Jane Harman says she did protest.

Harman, who replaced Pelosi as the committee's top Democrat in January 2003, disclosed Friday that she filed a classified letter to the CIA in February of that year as an official protest about the interrogation program. Harman said she had been prevented from publicly discussing the letter or the CIA's program because of strict rules of secrecy.

"When you serve on intelligence committee you sign a second oath -- one of secrecy," she said. "I was briefed, but the information was closely held to just the Gang of Four. I was not free to disclose anything."

Worth re-reading: Jane Mayer's New Yorker article, The Black Sites, which describes the torture of Khalid Sheikh Mohammed and others. She also mentions Majid Khan, whom I wrote about yesterday (his lawsuit is pending):

The utter isolation of these detainees has been described as essential to America’s national security. The Justice Department argued this point explicitly last November, in the case of a Baltimore-area resident named Majid Khan, who was held for more than three years by the C.I.A. Khan, the government said, had to be prohibited from access to a lawyer specifically because he might describe the “alternative interrogation methods” that the agency had used when questioning him. These methods amounted to a state secret, the government argued, and disclosure of them could “reasonably be expected to cause extremely grave damage.” (The case has not yet been decided.)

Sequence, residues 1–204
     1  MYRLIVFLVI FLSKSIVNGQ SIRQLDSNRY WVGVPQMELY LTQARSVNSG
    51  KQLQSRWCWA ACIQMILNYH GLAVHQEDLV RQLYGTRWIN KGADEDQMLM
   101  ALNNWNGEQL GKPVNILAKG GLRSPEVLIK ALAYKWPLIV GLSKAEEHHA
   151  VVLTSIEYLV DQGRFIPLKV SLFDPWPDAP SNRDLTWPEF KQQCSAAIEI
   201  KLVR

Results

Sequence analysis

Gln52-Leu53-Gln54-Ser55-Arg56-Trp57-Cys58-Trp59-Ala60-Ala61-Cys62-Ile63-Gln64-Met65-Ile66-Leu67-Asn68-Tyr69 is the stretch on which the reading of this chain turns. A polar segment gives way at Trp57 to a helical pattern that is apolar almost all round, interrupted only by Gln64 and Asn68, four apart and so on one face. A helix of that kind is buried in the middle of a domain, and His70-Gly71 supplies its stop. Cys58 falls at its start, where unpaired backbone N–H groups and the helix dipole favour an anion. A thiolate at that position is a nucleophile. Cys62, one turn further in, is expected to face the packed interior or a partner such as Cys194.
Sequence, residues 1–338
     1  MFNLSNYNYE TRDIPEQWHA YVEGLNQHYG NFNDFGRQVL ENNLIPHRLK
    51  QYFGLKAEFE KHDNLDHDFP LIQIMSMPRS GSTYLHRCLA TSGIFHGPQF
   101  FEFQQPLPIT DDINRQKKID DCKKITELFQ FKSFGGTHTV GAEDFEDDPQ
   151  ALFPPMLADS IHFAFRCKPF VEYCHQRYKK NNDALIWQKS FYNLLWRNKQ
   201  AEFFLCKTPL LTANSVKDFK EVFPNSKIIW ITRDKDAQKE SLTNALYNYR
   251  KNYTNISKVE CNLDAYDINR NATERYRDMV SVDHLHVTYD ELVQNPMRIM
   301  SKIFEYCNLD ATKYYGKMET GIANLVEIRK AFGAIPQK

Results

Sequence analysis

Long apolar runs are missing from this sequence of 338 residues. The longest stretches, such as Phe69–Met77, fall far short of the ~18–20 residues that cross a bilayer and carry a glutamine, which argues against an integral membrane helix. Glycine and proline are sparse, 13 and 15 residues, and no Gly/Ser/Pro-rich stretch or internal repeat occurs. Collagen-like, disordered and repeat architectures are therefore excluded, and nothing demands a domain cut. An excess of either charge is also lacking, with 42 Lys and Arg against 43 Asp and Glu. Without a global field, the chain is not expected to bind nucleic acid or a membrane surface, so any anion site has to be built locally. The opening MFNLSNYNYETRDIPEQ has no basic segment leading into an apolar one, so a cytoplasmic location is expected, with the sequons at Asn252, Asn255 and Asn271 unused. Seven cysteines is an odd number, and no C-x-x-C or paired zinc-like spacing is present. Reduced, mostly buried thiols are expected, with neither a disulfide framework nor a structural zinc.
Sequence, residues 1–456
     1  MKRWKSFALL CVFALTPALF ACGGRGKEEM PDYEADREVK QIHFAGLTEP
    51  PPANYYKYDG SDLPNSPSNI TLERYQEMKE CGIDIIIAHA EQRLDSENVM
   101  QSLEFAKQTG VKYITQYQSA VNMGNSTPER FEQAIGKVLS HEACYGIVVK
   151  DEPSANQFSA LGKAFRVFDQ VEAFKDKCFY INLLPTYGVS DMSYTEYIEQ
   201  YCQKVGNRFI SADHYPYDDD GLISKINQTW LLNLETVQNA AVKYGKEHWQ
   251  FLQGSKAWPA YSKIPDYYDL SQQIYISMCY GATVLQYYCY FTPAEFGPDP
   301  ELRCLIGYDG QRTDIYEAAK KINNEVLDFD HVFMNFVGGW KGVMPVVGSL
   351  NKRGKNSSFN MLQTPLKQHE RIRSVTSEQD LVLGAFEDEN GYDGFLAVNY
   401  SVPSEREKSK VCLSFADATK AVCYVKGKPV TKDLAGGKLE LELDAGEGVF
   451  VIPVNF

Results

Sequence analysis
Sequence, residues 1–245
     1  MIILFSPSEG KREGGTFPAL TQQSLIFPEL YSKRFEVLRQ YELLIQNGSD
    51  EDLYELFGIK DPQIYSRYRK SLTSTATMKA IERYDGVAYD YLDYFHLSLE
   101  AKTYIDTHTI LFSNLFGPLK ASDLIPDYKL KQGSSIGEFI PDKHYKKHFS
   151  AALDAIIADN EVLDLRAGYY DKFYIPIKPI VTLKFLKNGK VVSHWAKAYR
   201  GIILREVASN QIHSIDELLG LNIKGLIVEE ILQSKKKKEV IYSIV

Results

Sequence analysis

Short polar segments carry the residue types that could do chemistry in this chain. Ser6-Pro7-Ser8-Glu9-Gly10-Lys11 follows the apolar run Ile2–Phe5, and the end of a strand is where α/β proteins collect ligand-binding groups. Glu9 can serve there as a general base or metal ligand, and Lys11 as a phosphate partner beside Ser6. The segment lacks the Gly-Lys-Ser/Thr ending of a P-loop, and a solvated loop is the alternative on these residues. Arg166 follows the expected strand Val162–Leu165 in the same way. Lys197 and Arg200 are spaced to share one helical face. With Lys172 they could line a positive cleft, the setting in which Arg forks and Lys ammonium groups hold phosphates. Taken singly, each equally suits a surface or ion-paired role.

< Should Judges Be Lawyers? | Mrs. Huckabee >
  • The Online Magazine with Liberal coverage of crime-related political and injustice news

  • Contribute To TalkLeft

  • Display: Sort:
    Arthur Silber was right! (5.00 / 2) (#1)
    by JHFarr on Sun Dec 09, 2007 at 11:09:43 AM EST
    The interesting thing, however, is that so far this morning, most of the blogosphere still hasn't awakened to the reality of having been made complete fools of by the Democratic party.

    This should be a watershed moment, Pull-the-plug City, whatever. I've had about three dozen of them myself this year already, so I'm already off the reservation. Just wish I didn't feel so alone, dammit.

    Briefed and Abetted (5.00 / 2) (#2)
    by katiekat489 on Sun Dec 09, 2007 at 12:02:39 PM EST
    The most despicable and deplorable congress ever.And yes I mean the Dems--I feel more betrayed by them and am glad have not given one dime to these pitiful excuses for lead.Pelosi et al need to go- even at that time they had a resposibilty to do the right thing.

    Who will protect us now? (5.00 / 1) (#4)
    by Packratt on Sun Dec 09, 2007 at 02:07:58 PM EST